DmC: Vergil’s Downfall: The Kotaku Review

To my mind, the best kind of downloadable content expands on the experience that you've grown familiar with while also offering an alternative point-of-view. The add-ons for Mass Effect 2 are exemplars, letting you take Shepard on a snarky James Bond/heist adventure or a chilling experience tinged with sci-fi horror flavor. And Undead Nightmare did something similar with Red Dead Redemption, throwing John Marston into a grindhouse zombie freakshow. And now the newly rebooted DmC follows suit with Vergil's Downfall, a new chunk of a game that lets you control Dante's twin brother. What's that other side like?

Downfall picks up right after finale of DmC and you might want to stop reading now if you haven't beaten the game as spoilers follow.








You start controlling Vergil right after his brother's plunged a sword into his chest, so as to stop the other half-demon, half-angel nephilim from trying to rule over humanity. The black-clad sibling winds up in a trippy, dementedly beautiful afterlife that focuses on Vergil's resentment towards Dante.

DmC: Vergil’s Downfall: The Kotaku Review
WHY: The Vergil's Downfall DLC offers a tantalizing remix on the combat and traversal of the already-good DmC Devil May Cry reboot.

DmC: Vergil's Downfall

Developer: Ninja Theory
Platforms: PS3, PC, Xbox 360 (version played)
Released: March 5, 2013 for PSN and Windows PC, and March 6 on Xbox Live

Type of game: Action/adventure add-on with occult heavy metal overtones shot through with "Mommy always loved you more" psychological issues.

What I played: Played through all of the DLC campaign's six missions in about 4-5 hours.


Two Things I Loved

  • I enjoyed the fact that this felt like a crafty reconfiguration of the mainline experience. You can tell that Dante and Vergil are twins but also that they're wildly different than each other.
  • Downfall maintains the same divine sense of flow in combat while adding devilishly fun new skills to the mix.


My Two Things I Hated

  • The hand-drawn cutscenes feel like rough animatics sketches or quickly animated storyboards slotted in to advance the plot, as if they were rushed for lack of time.
  • I wanted more of Downfall's mirror-reflection sensibility but the whole thing was over too soon.


Made-to-Order-Back-of-Box-Quotes

  • "If you thought Dante was a jerk before, wait until you see what Vergil thinks of him!" —Evan Narcisse, Kotaku.com
  • "Short as it is, Downfall is more like a trip down a flight of stairs." —Evan Narcisse, Kotaku.com

Vergil also comes into pursuit of what seems to be the soul of the nephilim brothers' dead mom, reliving pivotal moments with Dante and sidekick Kat and avenging perceived betrayals against him. The DLC's theme is one of perception, both in how Vergil sees himself and others and in the abilities that make him different than the game's main star.

From the very beginning, Vergil's combat style feels almost totally different than his brother's. He doesn't wield firearms and instead has a ranged attack that lances magical sword illusions at enemies. His heavy attacks don't quite pack as much punch as Dante's but he had trickier, vertical evades that his brother doesn't.

Vergil gets around differently, too, with a pair of teleporting abilities replacing Dante's grappling weapon skills. He can stab an enemy and teleport himself to them or vice versa. A few new enemy types show up and they're geared towards negating Vergil's rapid mobility. One generates thorny barriers to hem Vergil in and the other phases in and out of reality to make himself a harder target.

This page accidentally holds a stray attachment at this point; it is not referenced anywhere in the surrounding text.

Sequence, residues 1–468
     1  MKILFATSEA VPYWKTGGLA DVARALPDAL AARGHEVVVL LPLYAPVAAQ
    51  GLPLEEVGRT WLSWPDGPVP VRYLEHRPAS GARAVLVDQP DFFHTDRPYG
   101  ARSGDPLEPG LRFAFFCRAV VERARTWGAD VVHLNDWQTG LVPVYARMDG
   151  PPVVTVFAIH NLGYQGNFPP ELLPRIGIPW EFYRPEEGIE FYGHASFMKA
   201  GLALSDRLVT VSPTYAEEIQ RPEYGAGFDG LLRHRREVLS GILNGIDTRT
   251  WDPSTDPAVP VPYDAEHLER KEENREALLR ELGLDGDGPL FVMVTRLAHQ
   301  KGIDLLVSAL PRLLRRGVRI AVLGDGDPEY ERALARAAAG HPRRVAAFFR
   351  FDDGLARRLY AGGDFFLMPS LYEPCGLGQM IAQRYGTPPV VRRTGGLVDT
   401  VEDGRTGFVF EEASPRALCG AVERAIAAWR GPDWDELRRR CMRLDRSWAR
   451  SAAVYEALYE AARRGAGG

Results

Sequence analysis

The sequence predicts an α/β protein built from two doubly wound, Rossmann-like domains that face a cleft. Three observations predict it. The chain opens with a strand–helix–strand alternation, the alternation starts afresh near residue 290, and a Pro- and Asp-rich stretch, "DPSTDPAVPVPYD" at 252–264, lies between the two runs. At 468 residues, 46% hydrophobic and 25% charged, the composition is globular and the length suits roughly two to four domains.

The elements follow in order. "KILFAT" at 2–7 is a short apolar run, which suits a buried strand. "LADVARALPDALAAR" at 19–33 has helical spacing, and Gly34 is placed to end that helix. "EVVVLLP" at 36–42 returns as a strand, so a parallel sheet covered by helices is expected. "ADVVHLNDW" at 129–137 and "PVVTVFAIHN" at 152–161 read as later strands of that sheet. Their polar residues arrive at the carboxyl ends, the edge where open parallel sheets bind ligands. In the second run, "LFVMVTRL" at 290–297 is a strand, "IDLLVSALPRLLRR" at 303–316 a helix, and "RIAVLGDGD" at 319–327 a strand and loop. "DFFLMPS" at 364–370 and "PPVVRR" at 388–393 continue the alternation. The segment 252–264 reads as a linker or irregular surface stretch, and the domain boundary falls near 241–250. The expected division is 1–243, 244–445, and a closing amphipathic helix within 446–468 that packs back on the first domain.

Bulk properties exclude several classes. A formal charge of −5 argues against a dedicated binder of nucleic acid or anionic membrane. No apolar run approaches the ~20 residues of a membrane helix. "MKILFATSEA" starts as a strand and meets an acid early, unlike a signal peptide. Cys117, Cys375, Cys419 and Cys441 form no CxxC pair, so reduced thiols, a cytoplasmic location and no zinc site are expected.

Some environments draw inspiration from the main campaign but you're forced to get around them differently. Certain platforms need to be teleported to Vergil while others have anchor points that you'll be able to blink to.

A very cool doppelganger ability adds a walking, thrashing multiplier to an already frantic combo system. It costs one slot of Devil Trigger energy to spawn a ghostly double and it'll drain the supernatural meter until you make the doppelganger vanish. You can also switch up the doppelganger's behavior on the fly so that it acts more independently from you and doesn't shadow your every move.

Where Vergil seemed benevolently wrong-headed in the main campaign, the DLC seems to set him up on the path to pure evil, as well as a possible plotline for a sequel. Vergil doesn't feel quite as much as a bad-ass as his brother and Downfall begs the question of just how exactly he kicked your ass so much in the boss fight where you face him. But he does feel craftier, as his more limited moveset and slower evasive moves demand more precision.

But the thing that's most conspicuous in its absence is all the subtext that's bubbling in the main campaign of the franchise reboot. You don't get any of class warfare, media manipulation and punk-outsider posturing of Dante's longer story.

For that reason, the extra content can't help but feel a little shallow. Vergil's Downfall also doesn't have any of the bonus Secret Missions that you unlock in the main campaign and doesn't offer as robust an arsenal of weapons for Vergil either. The Purgatory setting Vergil finds himself in is more one-note than the Limbo Dante battles his way through. The setting seems to exist mostly in Vergil's head and doesn't riff on the idea of a demon-controlled reflection of our own world.

Maybe the lack of depth is to be expected for a post-release add-on centered on a guy who deals in subterfuge and selective truth-tellling. Given the amount of work that obviously went into crafting Downfall, it doesn't really feel like a craven money grab. Its biggest sin is in feeling good enough to have you wanting more and not having anything else to tempt you with.